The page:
(Last Updated on : 23-04-2014)
One of the epic matches of polo in India was the match between two titans; Patiala and Jodhpur in 1922. The game marked the downfall of the Patiala Team and rise of the Jodhpur team. The team from Jodhpur reined the polo field for the next three decades. The epic match is described as one of the crucial match to have been played in India during the rule of the princely state. An analysis of the gradual evolution of polo as a tactical game up to this period will show that improvements in the game mainly were in the form of development of what already existed. This was achieved primarily by an increased attention to details and extending the game to its natural conclusion, especially as the keen edge of competition, spurred on by Regimental or National honour was increasingly applied to the sport. Teams came to the top as leaders arose who had the necessary skills in the game to guide and shape the lines of play as well as the capacity for leadership to enforce their view on others. However, the lessons taught by one team were soon forgotten, having to be re-learnt to a great extent by the next due to a failure by the players in general, to grasp the essentials.
The atmosphere of that historic match between the Patiala and Jodhpur
team were electric. Around 1, 50,000 spectators gathered around the field to witness the match. Many dignitaries gathered to watch the match as well which included future king of England, the Viceroy, some 50 Maharajas and princes, dozens of generals and high government officials and all the ladies dressed as if they were going to be received a court. The atmosphere was perfect for a high voltage match.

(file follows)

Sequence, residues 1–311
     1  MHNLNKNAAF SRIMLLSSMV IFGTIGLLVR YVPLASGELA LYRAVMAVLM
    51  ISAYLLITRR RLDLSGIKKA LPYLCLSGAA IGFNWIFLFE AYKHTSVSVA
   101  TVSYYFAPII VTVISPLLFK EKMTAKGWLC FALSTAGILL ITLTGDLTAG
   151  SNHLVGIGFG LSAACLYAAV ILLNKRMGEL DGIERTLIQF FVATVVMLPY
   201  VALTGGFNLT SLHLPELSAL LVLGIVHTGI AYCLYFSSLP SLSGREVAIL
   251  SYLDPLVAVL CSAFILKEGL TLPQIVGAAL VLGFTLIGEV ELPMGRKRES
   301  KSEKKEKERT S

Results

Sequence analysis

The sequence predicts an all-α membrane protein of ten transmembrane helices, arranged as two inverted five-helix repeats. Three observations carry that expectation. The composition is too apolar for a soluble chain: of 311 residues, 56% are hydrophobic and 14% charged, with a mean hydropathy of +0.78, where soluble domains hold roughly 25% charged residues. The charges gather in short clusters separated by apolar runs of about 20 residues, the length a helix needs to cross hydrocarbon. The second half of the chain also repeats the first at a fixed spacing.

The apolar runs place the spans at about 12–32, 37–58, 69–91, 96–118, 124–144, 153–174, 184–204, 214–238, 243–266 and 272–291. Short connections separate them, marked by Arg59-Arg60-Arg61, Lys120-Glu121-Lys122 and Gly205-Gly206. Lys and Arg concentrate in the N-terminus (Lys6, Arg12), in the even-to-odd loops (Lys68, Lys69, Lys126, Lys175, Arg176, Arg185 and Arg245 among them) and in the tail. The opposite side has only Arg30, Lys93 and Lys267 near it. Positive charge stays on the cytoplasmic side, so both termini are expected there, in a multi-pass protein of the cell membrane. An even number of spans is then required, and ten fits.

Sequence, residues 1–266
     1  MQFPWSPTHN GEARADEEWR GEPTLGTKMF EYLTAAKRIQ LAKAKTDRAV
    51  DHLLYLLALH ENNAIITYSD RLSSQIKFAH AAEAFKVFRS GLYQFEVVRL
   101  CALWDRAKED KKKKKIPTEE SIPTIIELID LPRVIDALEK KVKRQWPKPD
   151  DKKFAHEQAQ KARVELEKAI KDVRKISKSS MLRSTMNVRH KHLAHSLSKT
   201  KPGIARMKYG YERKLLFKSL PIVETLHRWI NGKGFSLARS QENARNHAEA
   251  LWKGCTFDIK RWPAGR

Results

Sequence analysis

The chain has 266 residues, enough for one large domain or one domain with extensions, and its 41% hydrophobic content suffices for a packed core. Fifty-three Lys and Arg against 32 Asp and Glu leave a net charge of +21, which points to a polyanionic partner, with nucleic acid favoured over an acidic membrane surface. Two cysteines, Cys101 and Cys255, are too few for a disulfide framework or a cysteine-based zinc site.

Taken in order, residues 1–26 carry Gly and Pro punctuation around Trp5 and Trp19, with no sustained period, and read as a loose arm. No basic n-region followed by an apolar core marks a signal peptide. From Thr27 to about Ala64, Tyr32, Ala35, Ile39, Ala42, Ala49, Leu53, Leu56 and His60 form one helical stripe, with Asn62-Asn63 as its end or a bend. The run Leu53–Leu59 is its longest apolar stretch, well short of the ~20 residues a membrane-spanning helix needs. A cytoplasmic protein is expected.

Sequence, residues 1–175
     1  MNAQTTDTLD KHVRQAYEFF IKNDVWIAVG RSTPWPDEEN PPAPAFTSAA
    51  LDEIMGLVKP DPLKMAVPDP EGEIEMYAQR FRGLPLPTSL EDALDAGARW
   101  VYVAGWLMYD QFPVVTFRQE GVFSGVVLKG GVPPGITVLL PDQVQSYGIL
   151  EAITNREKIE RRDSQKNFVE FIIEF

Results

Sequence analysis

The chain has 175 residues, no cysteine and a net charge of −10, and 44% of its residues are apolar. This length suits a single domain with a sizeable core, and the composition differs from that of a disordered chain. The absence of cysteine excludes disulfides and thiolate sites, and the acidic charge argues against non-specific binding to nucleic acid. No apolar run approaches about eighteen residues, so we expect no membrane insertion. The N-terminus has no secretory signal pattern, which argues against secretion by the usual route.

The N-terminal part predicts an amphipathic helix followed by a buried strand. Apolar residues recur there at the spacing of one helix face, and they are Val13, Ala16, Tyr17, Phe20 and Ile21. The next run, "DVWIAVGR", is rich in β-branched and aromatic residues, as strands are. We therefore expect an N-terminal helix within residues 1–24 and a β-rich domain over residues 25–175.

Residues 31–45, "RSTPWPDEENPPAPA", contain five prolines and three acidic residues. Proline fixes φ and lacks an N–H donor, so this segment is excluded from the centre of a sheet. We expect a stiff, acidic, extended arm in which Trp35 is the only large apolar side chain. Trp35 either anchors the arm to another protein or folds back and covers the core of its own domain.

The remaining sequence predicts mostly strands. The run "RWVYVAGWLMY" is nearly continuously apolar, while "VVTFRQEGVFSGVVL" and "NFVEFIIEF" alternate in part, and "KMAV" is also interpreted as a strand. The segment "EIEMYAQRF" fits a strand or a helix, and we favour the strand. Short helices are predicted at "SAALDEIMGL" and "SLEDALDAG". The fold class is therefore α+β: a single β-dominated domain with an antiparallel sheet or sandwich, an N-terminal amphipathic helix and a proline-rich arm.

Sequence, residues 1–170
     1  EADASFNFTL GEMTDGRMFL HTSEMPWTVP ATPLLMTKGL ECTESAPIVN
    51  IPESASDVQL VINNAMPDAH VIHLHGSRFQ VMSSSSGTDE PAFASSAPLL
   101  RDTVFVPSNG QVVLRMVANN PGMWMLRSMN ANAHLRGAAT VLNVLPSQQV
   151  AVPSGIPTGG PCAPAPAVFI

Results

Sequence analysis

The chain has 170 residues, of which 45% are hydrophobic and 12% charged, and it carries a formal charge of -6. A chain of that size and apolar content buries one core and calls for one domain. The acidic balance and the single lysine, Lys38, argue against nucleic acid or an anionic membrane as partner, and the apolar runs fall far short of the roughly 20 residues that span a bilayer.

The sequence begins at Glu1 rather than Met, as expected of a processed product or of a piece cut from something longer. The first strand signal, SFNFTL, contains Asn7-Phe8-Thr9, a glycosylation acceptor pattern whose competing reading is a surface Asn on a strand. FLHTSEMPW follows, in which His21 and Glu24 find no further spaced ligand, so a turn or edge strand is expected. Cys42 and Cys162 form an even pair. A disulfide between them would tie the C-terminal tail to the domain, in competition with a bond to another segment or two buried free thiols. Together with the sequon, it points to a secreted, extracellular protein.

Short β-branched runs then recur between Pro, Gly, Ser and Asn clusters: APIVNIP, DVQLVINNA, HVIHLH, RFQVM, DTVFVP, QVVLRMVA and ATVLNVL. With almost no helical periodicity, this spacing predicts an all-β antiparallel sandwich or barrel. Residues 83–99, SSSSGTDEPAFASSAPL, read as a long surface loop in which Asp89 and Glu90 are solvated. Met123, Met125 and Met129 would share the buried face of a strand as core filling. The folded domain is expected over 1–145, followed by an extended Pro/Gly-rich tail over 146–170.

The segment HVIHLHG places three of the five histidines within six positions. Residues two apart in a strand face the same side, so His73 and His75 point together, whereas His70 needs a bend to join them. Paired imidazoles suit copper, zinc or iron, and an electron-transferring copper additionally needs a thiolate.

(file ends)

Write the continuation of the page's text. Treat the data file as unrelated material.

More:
Both the teams were ready for the game and were determined to win. Each had their own advantages and strengths. The Jodhpur team had a string of 150 ponies to choose from while Patiala
had even greater resources, including a style polo that I can only describe as a chess game, a wonderful control of the ball from all corners of the field. The Jodhpur Team knew that if at all they were to come victorious from the match then they had to outdo their opponents in speed, always playing the ball to an imaginary line straight down the centre of the field from one game to another. That was how it turned out. The Patiala Team were still leading 4-nil in the third chukker, while, just before the interval, late Rao Raja Hanut Singh scored for the Jodhpur Team. Halfway through the chukker Jodhpur scored and drew even at five-all. Three more minutes to go, and through those minutes' men, important major generals and personages in high political office stood up in the grandstand waving their hats and shouting themselves hoarse, and women screamed.
The roars from the crowd were so deafening that none of the players heard the final bugle and they knew the game was over only when thousands of spectators began pouring into the field. There were celebrations all around. Dignitaries from the pavilion rushed out into the field to try to capture the stick as a souvenir.